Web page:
Once a week I compile the reflections I’ve offered on Facebook into one blogpost. Here are the thoughts from the past five days:
Monday, April 23, 2018
Do you ever feel like you have too much doubt to have faith? Too many questions about God and not enough encounters with God? I had a chance to preach at our church yesterday about the disciple I call “faithful Thomas.” He is more often known as “doubting Thomas,” but I see him as a model of faith and encouragement for all of us who have questions and also hold on to hope that God is real and cares about us. Here’s the link so you can listen along.
Tuesday, April 24, 2018
It’s so easy for people to think of people with disabilities in terms of deficits, challenges, weaknesses. Our medical and therapeutic and educational systems assume it. Any evaluation, even those done by the most sensitive and caring professionals, will come up with a list of all the areas in which a child with a disability doesn’t measure up. I need to prove Penny’s deficits in order for her to qualify for certain programs and supports. There is purpose in all of this, of course, but it also contributes to a false cultural narrative that assumes people with disabilities are, well, unable to function, unable to contribute, unable to bring meaning and value and joy and light to the world.
The church is another example of an institution which in general has a desire to show compassion and care for people with disabilities but has often failed to recognize the gifts and possibilities inherent in every human life, including the lives of those with disabilities.
SO I am thrilled to announce that I wrote a cover story for Christianity Today called “Willing and Able: the ministry of the disabled” (The “of” is supposed to be in italics, but Facebook doesn’t have that feature–the point is that this isn’t ministry TO or FOR, but ministry done by people with disabilities for others.).
In this article, I reflect on the ways Penny has her own ministry in our community, and I also tell stories about churches, individuals, a L’Arche community and a Friendship House–all places where people with autism, Down syndrome, and other developmental disabilities care for and support and minister to the people around them.
The photos for this piece are beautiful, and the stories testify to the tremendous gift all people can be to those around them, if only we start to assume we need one another, every one of us.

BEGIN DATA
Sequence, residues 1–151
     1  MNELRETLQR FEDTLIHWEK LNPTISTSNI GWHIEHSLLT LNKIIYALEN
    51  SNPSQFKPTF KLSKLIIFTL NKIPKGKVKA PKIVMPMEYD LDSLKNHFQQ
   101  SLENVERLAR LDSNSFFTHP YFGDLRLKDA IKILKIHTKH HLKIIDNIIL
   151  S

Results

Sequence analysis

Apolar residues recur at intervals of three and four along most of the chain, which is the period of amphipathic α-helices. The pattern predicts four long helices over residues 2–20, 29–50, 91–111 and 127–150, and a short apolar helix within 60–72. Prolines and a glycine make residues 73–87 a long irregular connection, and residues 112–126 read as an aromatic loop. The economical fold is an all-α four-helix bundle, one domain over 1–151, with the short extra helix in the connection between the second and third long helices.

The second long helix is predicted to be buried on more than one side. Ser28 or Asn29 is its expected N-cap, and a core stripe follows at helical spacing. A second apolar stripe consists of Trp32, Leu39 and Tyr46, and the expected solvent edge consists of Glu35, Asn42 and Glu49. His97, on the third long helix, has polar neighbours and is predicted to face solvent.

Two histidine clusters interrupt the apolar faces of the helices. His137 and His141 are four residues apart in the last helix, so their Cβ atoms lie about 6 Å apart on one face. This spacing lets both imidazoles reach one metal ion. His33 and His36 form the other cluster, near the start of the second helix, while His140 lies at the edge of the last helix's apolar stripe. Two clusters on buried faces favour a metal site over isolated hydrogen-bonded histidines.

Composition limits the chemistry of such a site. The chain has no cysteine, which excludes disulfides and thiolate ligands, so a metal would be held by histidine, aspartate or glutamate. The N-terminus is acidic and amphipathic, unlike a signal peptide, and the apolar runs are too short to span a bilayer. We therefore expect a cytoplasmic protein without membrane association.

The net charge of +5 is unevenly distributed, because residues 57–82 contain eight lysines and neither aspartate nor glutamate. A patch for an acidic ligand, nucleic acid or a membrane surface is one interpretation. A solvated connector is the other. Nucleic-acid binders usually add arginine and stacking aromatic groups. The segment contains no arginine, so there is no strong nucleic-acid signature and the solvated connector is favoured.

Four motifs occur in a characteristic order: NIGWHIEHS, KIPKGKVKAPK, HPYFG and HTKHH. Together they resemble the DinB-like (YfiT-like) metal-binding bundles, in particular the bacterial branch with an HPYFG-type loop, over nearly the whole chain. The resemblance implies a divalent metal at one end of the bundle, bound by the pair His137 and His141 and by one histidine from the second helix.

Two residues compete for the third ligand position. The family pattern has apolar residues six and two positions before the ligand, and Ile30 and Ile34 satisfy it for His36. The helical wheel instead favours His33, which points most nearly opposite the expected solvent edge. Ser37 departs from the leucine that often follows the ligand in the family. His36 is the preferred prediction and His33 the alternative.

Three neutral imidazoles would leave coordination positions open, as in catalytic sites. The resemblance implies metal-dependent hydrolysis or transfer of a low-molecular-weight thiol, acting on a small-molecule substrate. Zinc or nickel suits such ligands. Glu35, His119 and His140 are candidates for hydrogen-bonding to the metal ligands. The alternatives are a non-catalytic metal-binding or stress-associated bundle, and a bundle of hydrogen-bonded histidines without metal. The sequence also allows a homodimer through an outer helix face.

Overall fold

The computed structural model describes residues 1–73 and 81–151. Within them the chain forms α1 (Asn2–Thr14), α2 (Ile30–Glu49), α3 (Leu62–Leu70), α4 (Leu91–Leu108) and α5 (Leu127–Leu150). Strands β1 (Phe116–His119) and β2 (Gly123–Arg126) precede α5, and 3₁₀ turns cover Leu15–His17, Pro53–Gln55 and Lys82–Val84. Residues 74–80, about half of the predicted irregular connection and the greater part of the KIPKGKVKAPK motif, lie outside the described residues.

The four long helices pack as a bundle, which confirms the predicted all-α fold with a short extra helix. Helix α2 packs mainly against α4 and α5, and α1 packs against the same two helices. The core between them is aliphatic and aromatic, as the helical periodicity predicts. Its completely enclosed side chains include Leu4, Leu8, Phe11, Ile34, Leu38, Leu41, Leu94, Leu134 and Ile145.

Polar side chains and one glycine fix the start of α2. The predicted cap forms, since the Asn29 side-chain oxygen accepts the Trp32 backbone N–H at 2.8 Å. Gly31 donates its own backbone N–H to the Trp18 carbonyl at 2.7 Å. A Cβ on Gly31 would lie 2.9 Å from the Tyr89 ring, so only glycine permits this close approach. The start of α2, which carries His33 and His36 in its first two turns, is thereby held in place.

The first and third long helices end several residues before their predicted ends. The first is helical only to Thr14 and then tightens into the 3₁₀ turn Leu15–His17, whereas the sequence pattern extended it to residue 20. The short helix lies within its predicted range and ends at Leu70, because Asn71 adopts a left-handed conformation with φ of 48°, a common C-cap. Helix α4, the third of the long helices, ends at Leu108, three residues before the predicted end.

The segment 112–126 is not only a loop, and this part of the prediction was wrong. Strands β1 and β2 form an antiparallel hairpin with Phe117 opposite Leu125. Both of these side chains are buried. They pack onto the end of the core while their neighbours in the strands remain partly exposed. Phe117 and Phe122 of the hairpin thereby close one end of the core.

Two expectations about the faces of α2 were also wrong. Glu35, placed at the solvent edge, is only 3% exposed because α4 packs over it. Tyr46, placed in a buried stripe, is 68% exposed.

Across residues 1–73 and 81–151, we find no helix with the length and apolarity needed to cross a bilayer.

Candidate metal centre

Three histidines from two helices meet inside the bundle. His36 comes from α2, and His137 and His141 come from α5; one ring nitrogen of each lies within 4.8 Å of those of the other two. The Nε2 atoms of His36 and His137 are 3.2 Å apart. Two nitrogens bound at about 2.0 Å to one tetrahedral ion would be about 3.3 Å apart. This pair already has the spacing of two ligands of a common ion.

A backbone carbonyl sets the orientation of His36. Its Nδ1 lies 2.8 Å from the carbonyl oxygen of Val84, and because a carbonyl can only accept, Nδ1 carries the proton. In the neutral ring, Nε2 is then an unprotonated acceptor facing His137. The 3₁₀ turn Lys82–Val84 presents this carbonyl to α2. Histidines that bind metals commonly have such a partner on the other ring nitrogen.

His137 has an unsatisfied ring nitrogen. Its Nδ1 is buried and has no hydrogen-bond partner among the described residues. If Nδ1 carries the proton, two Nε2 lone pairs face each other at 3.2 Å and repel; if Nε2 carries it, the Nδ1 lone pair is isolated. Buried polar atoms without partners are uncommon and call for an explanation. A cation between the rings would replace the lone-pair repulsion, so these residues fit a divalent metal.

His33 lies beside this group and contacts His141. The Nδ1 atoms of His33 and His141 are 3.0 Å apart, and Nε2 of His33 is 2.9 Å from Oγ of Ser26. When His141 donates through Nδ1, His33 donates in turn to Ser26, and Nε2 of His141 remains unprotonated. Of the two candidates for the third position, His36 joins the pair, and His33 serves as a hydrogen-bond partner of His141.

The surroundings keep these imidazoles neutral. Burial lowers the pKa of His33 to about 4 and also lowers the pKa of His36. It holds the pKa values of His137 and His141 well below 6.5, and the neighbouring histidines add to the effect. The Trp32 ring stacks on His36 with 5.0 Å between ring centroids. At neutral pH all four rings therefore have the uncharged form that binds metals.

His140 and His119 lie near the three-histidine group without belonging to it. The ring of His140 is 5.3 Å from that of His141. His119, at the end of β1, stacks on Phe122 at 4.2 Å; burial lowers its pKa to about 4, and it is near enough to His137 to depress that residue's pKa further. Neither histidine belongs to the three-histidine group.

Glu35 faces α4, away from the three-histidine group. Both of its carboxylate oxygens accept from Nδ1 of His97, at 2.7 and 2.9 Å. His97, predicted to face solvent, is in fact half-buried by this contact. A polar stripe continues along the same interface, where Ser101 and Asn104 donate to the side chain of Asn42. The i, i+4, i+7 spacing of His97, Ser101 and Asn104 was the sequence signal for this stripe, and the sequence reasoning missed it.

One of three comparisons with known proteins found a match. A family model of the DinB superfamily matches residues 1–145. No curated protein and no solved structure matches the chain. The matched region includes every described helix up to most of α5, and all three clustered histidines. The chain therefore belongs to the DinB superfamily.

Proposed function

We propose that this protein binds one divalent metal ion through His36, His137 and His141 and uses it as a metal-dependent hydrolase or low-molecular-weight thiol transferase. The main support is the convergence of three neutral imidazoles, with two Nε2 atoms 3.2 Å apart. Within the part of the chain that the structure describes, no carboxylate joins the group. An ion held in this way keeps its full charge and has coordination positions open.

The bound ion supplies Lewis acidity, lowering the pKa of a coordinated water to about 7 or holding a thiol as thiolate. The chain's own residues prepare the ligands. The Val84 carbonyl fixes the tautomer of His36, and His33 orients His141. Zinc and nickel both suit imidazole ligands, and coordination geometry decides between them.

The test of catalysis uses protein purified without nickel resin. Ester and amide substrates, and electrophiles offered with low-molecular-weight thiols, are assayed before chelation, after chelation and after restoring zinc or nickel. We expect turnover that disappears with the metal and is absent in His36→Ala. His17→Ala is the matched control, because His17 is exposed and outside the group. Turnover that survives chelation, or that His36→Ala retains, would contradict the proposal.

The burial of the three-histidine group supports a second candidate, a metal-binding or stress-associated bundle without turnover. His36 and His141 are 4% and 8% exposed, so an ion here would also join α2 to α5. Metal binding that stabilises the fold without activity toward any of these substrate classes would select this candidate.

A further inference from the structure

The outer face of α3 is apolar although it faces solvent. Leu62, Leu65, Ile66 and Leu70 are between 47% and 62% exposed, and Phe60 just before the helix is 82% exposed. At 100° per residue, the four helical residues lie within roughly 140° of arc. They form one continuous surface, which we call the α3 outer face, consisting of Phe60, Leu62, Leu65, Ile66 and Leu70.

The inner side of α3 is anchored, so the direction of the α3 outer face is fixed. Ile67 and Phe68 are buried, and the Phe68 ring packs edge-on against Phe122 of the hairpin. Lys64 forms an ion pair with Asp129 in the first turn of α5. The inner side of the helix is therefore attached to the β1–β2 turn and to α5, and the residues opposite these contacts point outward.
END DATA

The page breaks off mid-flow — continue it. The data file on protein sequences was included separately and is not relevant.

(P.S. The photo comes from a short trip Penny and Marilee and I took last week to South Carolina . It was a sweet time for us all together–lots of time in the pool, lots of laughter, lots of good food, and so many reminders of the blessing of our life as a family. It was a week characterized by fullness and joy.)
Wednesday, April 25, 2018
Here are the stages of writing a non-fiction, memoirish book:
1. Live the story
2. Struggle to write the story
3. Publish the story and learn even more when people respond and ask questions and ask you to talk about it more
I’m nearing the very end of stage 2 right now, where White Picket Fences has gone from ideas in my head to notes on paper to rejected drafts of chapters to more rejected drafts of chapters to edited Word document to what is called the “First pass.”
The picture here is the “first pass” at not just the words the book will contain but the way those words will look on the page. Here’s a sneak peek at the Table of Contents.
Thursday, April 26, 2018
Bryan Stevenson’s willingness to hope for a good future in the midst of a horrific past depends upon our collective willingness to face the pain of the present moment.
Stevenson is the leader of the Equal Justice Initiative, and his organization has recently unveiled a monument that reckons with America’s history of lynching. The images in this article convey some sense of the power and thoughtfulness of the way the monument has been constructed.
I read Stevenson’s book Just Mercy a few years ago, and I was struck not only by the tragedy of injustice he describes, but also by his faith that God is at work even in the midst of that despair, even in the midst of a sordid history.
As Campbell Robertson writes for the New York Times:
“Mr. Stevenson, whose great-grandparents were slaves in Virginia, has written about “just mercy,” the belief that those who have committed serious wrongs should be allowed a chance at redemption. It is a conviction he has spent a career arguing for on behalf of clients, and he believes it is true even for the white America whose brutality is chronicled by the memorial.”
In Stevenson’s own words, “I’m not interested in talking about America’s history because I want to punish America… I want to liberate America.” Just as Stevenson argues for both mercy and justice when it comes to men and women who have committed crimes, this monuments stands as an argument for both mercy and justice as we reckon with the brutality of our past.
Friday, April 27, 2018
Facebook friends, I need your help! I’m working on refreshing my website, and I’d like to have a better sense of who reads what I write and why you read it. Will you give me two minutes of your time right now and answer a few questions? Here you go.